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On Generalizable Inference and Prediction for Biased Samples

Creative Commons 'BY' version 4.0 license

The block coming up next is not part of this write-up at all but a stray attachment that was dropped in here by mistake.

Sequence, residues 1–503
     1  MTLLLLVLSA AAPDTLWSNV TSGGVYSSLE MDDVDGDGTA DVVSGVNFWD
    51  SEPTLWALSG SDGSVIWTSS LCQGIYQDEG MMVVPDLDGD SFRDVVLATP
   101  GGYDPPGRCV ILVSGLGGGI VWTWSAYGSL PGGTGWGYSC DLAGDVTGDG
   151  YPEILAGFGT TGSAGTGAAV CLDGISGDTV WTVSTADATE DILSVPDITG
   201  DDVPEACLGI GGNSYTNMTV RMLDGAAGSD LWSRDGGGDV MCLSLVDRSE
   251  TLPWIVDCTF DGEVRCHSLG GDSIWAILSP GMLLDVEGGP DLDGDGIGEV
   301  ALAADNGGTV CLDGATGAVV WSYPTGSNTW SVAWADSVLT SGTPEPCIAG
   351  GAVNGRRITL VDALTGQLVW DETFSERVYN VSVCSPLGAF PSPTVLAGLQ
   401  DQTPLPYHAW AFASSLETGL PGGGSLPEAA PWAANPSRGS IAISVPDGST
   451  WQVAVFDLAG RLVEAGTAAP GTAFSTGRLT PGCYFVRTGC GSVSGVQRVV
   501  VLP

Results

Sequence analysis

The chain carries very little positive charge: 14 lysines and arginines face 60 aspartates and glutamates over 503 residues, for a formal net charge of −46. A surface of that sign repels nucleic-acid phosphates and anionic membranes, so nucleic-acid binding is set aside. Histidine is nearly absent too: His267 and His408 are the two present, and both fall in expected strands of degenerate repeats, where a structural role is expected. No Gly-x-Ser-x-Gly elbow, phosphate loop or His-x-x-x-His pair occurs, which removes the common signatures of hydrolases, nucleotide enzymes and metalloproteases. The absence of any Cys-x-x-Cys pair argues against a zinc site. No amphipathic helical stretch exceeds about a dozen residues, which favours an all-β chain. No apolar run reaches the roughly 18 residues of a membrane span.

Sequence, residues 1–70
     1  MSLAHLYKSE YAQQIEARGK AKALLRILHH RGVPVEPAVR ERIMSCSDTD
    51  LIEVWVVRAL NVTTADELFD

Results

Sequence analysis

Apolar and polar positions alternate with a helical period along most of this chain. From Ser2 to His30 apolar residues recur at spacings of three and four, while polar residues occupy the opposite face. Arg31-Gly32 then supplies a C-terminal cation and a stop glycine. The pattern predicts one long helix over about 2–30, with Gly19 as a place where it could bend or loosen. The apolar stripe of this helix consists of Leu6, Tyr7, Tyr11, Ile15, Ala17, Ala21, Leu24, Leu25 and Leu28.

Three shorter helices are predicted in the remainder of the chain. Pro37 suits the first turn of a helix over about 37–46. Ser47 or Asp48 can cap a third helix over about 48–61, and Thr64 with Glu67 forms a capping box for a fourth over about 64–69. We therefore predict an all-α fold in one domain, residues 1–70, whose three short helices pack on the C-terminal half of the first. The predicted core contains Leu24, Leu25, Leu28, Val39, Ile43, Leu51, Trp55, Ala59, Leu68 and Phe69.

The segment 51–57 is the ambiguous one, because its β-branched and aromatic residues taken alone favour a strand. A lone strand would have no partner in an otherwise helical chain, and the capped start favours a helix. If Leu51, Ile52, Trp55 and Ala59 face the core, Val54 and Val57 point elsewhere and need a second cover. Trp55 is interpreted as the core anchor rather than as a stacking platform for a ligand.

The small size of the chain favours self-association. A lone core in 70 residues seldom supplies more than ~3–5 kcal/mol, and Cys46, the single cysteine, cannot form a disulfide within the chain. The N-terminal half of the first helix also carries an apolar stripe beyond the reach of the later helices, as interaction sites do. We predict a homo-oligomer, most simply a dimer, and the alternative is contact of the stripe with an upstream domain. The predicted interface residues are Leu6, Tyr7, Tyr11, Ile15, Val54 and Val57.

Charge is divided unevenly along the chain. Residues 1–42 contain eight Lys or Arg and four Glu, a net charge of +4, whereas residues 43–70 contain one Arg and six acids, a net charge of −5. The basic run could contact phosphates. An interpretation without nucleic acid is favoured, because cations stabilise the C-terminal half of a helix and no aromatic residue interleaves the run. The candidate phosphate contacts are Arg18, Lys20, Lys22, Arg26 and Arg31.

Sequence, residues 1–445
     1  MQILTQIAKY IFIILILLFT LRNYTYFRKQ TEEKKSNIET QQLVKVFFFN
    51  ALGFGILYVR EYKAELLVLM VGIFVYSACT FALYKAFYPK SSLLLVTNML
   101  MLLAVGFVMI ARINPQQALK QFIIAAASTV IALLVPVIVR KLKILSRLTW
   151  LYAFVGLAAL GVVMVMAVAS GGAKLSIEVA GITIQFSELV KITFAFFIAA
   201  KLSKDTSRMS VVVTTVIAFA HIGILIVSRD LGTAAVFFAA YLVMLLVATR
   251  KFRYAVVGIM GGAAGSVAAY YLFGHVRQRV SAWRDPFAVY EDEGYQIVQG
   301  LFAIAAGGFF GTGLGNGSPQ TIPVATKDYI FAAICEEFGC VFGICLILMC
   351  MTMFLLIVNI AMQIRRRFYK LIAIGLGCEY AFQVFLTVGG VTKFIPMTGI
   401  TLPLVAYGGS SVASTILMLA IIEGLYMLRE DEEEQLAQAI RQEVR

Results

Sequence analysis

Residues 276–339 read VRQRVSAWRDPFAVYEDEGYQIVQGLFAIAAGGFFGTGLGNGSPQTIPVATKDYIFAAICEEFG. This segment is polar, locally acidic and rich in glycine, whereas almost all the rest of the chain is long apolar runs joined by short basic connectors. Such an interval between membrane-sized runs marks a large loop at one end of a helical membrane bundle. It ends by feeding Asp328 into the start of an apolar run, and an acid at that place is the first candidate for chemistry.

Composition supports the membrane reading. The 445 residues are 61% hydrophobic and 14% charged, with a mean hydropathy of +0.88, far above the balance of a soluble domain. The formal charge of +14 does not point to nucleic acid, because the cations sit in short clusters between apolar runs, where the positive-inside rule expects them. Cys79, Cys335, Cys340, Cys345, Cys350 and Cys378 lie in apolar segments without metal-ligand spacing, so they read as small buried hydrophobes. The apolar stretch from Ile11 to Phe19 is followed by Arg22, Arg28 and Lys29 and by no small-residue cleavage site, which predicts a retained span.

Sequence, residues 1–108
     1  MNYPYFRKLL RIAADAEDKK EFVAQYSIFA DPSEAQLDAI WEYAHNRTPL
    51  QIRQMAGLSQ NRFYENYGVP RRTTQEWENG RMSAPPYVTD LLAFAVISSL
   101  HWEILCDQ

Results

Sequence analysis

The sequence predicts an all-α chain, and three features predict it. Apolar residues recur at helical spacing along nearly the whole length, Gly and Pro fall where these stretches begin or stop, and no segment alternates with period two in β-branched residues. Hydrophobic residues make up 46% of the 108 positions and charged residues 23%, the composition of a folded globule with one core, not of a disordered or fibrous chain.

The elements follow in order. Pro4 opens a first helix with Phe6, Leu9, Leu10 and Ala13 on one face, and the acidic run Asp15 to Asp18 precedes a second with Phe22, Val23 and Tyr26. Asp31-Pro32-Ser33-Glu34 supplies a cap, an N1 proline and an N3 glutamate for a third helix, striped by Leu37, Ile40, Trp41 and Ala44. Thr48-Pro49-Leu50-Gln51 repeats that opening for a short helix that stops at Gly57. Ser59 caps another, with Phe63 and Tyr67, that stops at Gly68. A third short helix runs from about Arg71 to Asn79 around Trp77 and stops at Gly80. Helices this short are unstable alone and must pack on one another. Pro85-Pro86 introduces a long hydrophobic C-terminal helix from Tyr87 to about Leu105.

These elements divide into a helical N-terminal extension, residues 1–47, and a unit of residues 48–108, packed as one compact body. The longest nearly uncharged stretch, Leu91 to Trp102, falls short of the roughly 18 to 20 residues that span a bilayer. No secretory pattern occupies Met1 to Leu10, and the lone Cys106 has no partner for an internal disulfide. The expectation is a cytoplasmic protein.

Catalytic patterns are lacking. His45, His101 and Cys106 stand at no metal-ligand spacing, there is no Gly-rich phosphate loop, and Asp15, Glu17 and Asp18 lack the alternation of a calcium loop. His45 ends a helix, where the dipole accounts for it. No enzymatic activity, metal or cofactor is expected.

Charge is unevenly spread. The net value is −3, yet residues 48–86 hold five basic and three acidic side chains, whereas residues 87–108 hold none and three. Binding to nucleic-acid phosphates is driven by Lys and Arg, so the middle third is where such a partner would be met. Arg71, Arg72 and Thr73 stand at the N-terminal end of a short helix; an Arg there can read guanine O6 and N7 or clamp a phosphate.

Most statistical methods assume that samples are representative of a target population of interest, but this assumption is commonly violated in biomedical applications with human volunteers. Study participants self-selection into a sample can cause it to be unrepresentative which in turn leads to sampling bias. When analyzing data from a biased sample, the sampling scheme must be accounted for to obtain inference and predictions that generalize to the target population. In this dissertation, we discuss an approach for addressing sampling bias by estimating sampling weights using an auxiliary data set. We then apply estimated sampling weights in the field of causal inference. We assess the impact on bias and variance of estimated causal effects when sampling weights are included or omitted when estimating propensity scores and propensity-adjusted causal effects. Lastly, we quantify the impact of sampling bias on estimates of the prediction error for a target population and compare estimation methods.

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